Faye Tozer’s mum Dorothy diagnosed with lung cancer two years after breast cancer battle

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When Steps star Faye Tozer and her mum Dorothy arrive at our exclusive photoshoot, it’s one of just a handful of occasions they’ve been able to meet up in the past year. Faye’s eyes well with tears as she recalls their first hug after months apart: “We both had lumps in our throats, didn’t we mum?”

“It was amazing,” says Dorothy. “It’s a reminder of how important family is.”

Dorothy was placed on the vulnerable list during the first lockdown, having been diagnosed with breast cancer in 2019. Then, as the mother and daughter exclusively reveal to OK!, Dorothy was diagnosed with lung cancer in December.

“I had a scan last year due to respiratory problems and they discovered a growing cancer on the left lung, then a smaller, different cancer on the right lung,” she tell us, jokingly adding: “I like to go the whole hog!”

Dorothy had an operation to remove the cancer in the left lung in March. Then last week, she underwent CyberKnife treatment, a robotic radiotherapy procedure, to tackle the cancer in the right lung. Faye says they feel fortunate that the disease was “caught at the right time” and that Dorothy was in the hands of incredible doctors and nurses at Harefield and Luton and Dunstable University hospitals.

“We were panicking, because of the extra worry of being in hospital during the pandemic,” says Faye. “But even with appointments being delayed, they prioritised mum when they needed to. They were confident that mum had a bit more time after the first operation before they had to act on the second lung.”

Now they’re both hopeful for the future. “Doctors have said, ‘We can treat it – but it might not kill it,’” says Dorothy. “But they might be having me back for more treatment as the years go on.” Now that restrictions are easing, former Strictly Come Dancing contestant Faye is returning to performing – and wants her parents to be in the audience when she appears in Singin’ In The Rain at the Sadler’s Wells theatre this month.

Faye, who lives in South Tyneside with her husband Michael and son Benjamin, 12, also has a new Steps album and a tour planned for later in the year. Here, Faye and Dorothy chat to OK! about the devastating diagnosis, getting back on stage and why Steps are stronger than ever…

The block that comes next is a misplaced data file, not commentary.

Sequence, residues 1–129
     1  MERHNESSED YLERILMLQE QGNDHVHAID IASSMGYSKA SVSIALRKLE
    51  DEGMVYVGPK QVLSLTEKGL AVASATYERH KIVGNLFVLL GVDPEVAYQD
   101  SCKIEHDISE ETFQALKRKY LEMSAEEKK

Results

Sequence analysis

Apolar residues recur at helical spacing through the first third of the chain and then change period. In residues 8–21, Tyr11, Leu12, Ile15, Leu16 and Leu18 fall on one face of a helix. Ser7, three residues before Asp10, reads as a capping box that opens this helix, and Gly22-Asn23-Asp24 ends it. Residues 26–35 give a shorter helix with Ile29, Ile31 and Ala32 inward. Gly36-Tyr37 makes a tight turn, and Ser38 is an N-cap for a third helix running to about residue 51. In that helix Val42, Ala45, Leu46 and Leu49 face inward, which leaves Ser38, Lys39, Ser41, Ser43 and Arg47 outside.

It must have been a shock to receive the diagnosis…

Faye: It was so disheartening because mum was coming to the end of the breast cancer treatment. It was like, “Oh my goodness, we’ve got another challenge.” I think anything to do with lung cancer just sounds scary. But mum’s treatment has been brilliant. CyberKnife sounds like something out of Star Trek. They can pinpoint exactly where you need the radiotherapy, and it means she doesn’t have to go through chemotherapy and the side effects. Mum gave up smoking on the spot. Dorothy: When my surgeon agreed to operate, I gave up on that day after decades.

And how are you feeling now, Dorothy?

Dorothy: I feel like what choice have I got? I know the doctors are working hard to look after me. I can find breathing a bit difficult sometimes, but I have a breathing spray and Faye bought me a Komuso breathing necklace, which helps calm your breath.

The prognosis looks hopeful…

Faye: If they can keep it under control – and you behave yourself mum! – it looks really hopeful that you can live with it. It’s an amazing result and we are so grateful to all the medical staff. That’s good to hear.

And Faye, you’ve got lots to keep your mind occupied…

Faye: I’m in Singin’ In The Rain from 30 July to 5 September. Then Steps are releasing our What The Future Holds Part 2 album straight after that. Hopefully we’ll be able to do some TV performances and potentially some gigs – we’ll see what Boris Johnson decides. Then we’ll be starting our Steps rehearsals for our UK arena tour in November, and the day after that I’ll be rehearsing for panto in Darlington! Busy!

And you met up with the rest of Steps after the first lockdown lifted…

Faye: We recorded a couple of music videos which was amazing. We hired our own crew and TV studios, and we did some live performances to put out on social media. We’ve had some amazing responses from fans saying, “Thank you for keeping us going,” but it kept us going as well to be honest. I’d have gone stir crazy if I didn’t have that to do. It’s been so rewarding for us.